History of the Port of Port Orford Dock
Before the arrival of European settlers, the Port Orford area was inhabited by Tututni peoples. The Tututni languages were a part of the Pacific Coast Athabaskan language family.
The First European settlers, led by Captain William Tichenor, arrived in 1851. Tichenor, needing to return to the north for supplies, left a group of nine men behind. However, members of the local Qua-to mah tribe reacted with hostility to the newcomers, who were encroaching on their territory. Taking up a position on a nearby seastack, now known as Battle Rock, the settlers were attacked by a band of more than 100 Qua-to-mahs. Twenty-three natives were killed, and two of Tichenor's men were wounded in the ensuing conflict. Soon Afterward, a truce was called between the two groups, when the settlers told the natives that they would be leaving in 14 days. For the next two weeks, the settlers did not see any members of the local tribe. However, after the 14th day, an even larger band of natives than the first attacked. During the battle, the chief of the tribe was killed. Retreating with their dead chief, the tribe set up camp nearby. the settlers soon fled north under cover of darkness.
Port Orford was formally founded in 1856. It would serve as a receiving port for mercantile and fishing. The port district was formally set up more that 50 years later, in 1911, and the town became a shipping port for local Port Orford Cedar (Chamaecyparis_lawsoniana). The port was sold in 1935, but brought back in 1957. Eventually, Port Orford saw a decline in fishing and the shipping of timber ceased.
In October 1941, then-mayor Gilbert Gable, frustrated with the poor condition of the state roads around Port Orford, which hampered economic development, suggested that a number of counties along the Oregon and California state border should secede and create the State of Jefferson. This movement came to an end with U.S. involvement in World War II.
The Port of Port Orford harbor that has been in use since the 1850s, and was primarily used for shipping lumber. The firs Port District was formed in 1911 and dock construction began in 1919. A breakwater was built in 1971 in an attempt to protect the dock from winter storms. Shoaling became a problem shortly after and dredging became necessary. Although no longer a deep harbor, Port Orford is still home to many commercial fisherman and is used as a harbor of refuge by many during severe storms.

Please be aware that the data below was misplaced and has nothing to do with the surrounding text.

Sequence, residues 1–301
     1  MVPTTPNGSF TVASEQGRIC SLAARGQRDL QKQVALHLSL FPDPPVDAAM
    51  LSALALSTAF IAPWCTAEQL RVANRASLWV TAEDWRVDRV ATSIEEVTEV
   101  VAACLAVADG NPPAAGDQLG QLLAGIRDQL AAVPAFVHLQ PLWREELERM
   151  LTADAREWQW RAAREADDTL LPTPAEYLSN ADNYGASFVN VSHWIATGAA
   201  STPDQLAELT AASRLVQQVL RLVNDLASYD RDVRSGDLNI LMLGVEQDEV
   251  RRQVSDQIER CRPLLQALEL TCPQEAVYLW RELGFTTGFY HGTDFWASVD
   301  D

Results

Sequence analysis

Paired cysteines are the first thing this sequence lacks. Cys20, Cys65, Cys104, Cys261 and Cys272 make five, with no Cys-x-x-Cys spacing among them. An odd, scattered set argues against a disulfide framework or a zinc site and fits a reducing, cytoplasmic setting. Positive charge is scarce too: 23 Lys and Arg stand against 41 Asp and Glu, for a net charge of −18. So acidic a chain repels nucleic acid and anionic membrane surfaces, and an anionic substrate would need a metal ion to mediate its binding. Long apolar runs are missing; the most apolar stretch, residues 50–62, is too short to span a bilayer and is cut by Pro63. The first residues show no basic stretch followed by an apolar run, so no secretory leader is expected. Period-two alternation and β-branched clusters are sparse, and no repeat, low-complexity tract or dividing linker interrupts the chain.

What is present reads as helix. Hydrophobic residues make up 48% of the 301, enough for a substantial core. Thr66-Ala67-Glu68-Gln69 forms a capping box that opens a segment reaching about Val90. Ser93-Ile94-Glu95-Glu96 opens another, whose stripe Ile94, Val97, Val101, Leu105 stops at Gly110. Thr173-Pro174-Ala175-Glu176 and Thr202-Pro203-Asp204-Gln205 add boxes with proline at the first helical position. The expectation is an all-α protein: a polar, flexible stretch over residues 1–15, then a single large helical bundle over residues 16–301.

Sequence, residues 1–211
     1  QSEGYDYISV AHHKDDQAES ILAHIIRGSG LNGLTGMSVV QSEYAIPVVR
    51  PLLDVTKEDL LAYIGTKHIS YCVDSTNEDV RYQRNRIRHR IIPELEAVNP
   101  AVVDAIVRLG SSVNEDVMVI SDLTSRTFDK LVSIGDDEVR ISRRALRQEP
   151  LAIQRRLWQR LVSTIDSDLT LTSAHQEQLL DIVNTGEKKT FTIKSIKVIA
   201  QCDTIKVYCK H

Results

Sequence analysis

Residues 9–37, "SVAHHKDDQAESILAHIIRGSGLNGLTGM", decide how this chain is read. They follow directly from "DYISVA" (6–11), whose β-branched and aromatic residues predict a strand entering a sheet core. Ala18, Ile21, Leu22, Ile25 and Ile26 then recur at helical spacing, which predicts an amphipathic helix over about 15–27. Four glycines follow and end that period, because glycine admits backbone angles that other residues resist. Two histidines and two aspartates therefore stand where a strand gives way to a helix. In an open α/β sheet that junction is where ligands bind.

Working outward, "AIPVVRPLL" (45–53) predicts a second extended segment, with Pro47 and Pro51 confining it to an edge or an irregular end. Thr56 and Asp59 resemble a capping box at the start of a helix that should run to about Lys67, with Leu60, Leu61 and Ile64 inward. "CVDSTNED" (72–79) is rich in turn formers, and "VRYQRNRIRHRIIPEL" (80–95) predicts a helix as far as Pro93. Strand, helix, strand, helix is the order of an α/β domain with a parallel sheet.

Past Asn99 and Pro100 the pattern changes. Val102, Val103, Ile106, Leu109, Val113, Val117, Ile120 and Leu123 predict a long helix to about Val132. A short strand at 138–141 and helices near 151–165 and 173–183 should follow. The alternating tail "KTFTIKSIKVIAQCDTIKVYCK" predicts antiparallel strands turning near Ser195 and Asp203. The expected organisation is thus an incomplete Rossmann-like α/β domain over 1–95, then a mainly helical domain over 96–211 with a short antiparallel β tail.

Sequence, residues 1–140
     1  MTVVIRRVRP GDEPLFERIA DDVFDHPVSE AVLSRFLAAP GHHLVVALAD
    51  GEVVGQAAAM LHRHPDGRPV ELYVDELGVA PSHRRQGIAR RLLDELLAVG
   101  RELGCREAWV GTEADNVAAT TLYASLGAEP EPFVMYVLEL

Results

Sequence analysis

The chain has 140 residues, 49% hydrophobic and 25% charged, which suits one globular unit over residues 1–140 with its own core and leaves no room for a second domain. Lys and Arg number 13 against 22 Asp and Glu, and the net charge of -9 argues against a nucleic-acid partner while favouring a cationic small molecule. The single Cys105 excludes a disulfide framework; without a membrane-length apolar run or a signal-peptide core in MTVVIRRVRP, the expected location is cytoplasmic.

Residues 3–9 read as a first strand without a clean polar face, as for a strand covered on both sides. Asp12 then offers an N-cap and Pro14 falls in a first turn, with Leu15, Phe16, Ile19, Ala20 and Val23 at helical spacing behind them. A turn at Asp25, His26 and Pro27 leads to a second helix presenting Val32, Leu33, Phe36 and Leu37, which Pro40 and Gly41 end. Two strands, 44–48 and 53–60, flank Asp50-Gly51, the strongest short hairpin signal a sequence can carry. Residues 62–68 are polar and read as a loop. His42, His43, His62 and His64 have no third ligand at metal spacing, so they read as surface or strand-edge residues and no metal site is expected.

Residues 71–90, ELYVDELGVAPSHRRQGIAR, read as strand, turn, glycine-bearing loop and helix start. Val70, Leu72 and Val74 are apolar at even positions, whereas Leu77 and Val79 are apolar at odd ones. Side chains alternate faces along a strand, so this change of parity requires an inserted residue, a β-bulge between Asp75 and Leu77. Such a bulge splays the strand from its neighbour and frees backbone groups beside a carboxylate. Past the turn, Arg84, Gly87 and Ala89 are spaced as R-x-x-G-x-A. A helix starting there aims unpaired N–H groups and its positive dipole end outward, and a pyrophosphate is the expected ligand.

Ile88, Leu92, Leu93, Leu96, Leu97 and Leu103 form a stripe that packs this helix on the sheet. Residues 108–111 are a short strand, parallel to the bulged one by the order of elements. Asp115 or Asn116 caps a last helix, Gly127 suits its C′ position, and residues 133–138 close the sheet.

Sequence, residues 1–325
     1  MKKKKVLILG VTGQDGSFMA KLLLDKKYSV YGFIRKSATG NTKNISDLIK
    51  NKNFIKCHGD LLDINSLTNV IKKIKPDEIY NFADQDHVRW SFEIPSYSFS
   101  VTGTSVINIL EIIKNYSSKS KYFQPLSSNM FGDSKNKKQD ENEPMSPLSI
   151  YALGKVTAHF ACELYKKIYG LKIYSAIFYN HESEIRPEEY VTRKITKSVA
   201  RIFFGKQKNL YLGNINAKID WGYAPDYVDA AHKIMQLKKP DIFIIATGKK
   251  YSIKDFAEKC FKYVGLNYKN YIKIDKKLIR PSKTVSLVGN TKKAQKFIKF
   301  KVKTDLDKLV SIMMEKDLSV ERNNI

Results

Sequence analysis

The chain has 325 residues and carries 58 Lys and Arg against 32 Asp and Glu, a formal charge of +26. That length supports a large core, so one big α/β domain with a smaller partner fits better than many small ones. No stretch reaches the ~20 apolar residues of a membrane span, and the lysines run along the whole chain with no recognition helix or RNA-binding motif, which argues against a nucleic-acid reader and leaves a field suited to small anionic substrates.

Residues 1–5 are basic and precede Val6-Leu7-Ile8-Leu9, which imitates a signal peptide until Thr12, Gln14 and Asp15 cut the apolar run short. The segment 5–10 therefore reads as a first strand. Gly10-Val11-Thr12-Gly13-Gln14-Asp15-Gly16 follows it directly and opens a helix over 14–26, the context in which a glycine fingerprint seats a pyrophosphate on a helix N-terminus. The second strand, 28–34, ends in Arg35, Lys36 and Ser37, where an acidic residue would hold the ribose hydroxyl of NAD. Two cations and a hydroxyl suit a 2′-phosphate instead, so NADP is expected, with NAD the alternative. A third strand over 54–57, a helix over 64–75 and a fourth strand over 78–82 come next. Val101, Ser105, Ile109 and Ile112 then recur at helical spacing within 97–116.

The port is an open-water dock (no natural protection) and boasts the only drydock port of the West Coast. The fishing boats are lifted in and out of the water by operated cranes, set on custom-made dollies and parked in rows on the dock. As a result, it is known as a "dolly dock".
the Port is located right on the Oregon coast, just 75 miles north of the California boarder.
The Port With No Bar To Cross
A unique aspect of the Port of Port Orford is the fact that there is no ocean bar to cross. This results in more fishable days per year. Ocean access is gained by use of one of the Port's hoists, which can lift boats weighing up to 25,000 pounds. Since the Port is situated on the open ocean, moorage in the water is only possible for short periods during calmer weather. Thus all commercial boats from Port Orford have trailers on which they are kept upon the dock. The Port has two hoists available.